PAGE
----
Sunday, March 24, 2013

US Senators take JP Morgan Execs to task

On March 15th 2013 a US Senate Committee held a hearing on JPMorgan credit derivatives where executives and former executives of the bank testified.  Here's a link to the almost 4 hour long video on C-Span.

Former and current JPMorgan Chase executives testified about the practices that led to the firm’s $6.2-billion “London Whale” trading losses during a hearing of the Senate Homeland Permanent Subcommittee on Investigations. 
The hearing attempts to uncover how much top JPMorgan officials knew about the huge risks its traders were taking on complex derivative instruments.
The senators, Carl Levin, John McCain, and Ron Johnson do a nice job of identifying and summarizing JPMorgan's many legal violations, misleading statements, lack of financial controls that led to a surprise $6.2B loss on trading.  

The JPMorgan executives and former executives (presumably some were fired because of this trading loss) clearly had no regard for abiding by reporting rules and regulations.  JPMorgan submitted 'required' information to regulators when JPMorgan wanted.  If the information was bad they simply didn't report it.  JPMorgan and these executives felt no consequence for avoiding reporting requirements.  

JPMorgan created financial models and analyses that yielded results they wanted and disregarded contradictory analyses.  They implemented new analyses quickly and without testing because the new analyses (e.g. VaR) gave more favorable results.  Figures lie and liars figure.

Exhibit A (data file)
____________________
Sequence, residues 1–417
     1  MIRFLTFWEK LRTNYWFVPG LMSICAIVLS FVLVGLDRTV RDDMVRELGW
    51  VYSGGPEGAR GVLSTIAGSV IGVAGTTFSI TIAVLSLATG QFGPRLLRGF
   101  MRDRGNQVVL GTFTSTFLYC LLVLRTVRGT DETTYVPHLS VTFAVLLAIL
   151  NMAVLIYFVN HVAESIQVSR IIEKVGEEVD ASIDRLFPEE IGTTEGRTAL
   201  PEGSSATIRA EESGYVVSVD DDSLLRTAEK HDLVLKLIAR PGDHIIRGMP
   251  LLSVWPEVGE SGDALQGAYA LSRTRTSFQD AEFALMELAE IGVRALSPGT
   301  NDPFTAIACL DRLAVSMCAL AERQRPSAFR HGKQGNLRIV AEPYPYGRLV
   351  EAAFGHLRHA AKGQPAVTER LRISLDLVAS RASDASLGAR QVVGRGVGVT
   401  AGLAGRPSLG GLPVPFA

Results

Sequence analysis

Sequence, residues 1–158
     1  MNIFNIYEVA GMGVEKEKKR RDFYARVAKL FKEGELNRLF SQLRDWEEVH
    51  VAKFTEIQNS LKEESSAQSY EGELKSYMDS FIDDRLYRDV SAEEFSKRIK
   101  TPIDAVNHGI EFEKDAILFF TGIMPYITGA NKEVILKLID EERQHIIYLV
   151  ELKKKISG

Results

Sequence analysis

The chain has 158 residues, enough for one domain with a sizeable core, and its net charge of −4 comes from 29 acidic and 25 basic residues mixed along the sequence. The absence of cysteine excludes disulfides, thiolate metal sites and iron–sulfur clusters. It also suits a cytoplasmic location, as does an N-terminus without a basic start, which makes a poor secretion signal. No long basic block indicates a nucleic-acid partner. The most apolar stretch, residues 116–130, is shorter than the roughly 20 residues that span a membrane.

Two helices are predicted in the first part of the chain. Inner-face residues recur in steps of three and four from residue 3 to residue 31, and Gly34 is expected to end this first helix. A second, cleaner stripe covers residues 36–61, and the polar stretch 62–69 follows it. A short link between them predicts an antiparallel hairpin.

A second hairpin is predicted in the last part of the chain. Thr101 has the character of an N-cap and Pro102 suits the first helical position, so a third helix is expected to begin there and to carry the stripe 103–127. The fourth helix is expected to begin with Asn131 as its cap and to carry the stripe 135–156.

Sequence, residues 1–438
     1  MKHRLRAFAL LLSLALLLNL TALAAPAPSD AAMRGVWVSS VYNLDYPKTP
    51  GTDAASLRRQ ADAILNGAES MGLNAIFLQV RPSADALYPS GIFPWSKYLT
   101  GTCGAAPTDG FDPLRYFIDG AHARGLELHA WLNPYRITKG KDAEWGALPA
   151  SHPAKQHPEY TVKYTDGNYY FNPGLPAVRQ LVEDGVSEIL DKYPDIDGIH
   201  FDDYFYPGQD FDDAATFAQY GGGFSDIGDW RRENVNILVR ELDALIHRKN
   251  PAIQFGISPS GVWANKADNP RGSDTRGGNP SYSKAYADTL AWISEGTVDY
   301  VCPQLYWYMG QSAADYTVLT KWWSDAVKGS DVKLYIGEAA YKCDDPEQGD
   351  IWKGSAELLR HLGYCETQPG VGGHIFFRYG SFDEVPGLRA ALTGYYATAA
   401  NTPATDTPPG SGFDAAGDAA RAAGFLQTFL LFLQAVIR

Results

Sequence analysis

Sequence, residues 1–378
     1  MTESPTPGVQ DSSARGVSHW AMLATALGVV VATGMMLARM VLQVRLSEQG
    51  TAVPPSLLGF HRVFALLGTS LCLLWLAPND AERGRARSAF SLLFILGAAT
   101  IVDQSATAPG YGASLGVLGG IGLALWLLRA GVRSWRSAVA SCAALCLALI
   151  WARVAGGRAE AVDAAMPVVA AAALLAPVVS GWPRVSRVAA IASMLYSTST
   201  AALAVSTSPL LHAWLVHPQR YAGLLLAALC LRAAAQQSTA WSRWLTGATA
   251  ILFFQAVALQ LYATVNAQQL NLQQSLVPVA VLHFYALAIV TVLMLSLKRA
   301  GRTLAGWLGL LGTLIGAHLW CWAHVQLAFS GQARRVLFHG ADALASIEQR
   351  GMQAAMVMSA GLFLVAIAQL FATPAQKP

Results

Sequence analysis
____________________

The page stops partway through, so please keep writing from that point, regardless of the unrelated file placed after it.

The trading loses were on investments that are supposed to hedge or reduce the risk of the whole bank.  So in theory if JPMorgan lost $6.2B on these investments they should have gained $6.2B on other investments.  But JPMorgan had to write-off these investments as a one time charge, so they were clearly not hedging anything.  These investments were speculation.  And, certainly we only hear about speculation when it goes horribly wrong.  In the meantime the bank profits and executives get big bonuses while they speculate with government money.  Money that they currently borrow from the Fed at zero percent interest.  Speculation by banks that are critical to the banking system and therefore too big to fail should be illegal. 

At one point Senator Levin says that laws may have been broken and if not laws should be put in place to prevent this type of situation.  The Senators go to lengths to clarify that the government does not need to regulate all financial institutions.  They explain that JPMorgan is being investigated because they received bail out money, are significant to the global financial system, and lied to their shareholders and bank regulators.  

All of this is old news.  JPMorgan incurred the "London Whale" trading losses about a year ago.  Good for the senators to investigate and keep the issues alive.  Now what are we going to do about it?  Fine JPMorgan for flaunting the rules or at least the intent of the rules.  Prosecute several executives for not complying with reporting rules.  Take away some of JPMorgans government business in the bond market for example.  These would be nice steps.  But let's finally implement a real solution instead of band aids.  The global financial system needs to separate commercial banking and investment banking with a  Glass-Steagall type law.  That way investment banks can speculate all they want without concern for impacting the commercial banking system and the economy.

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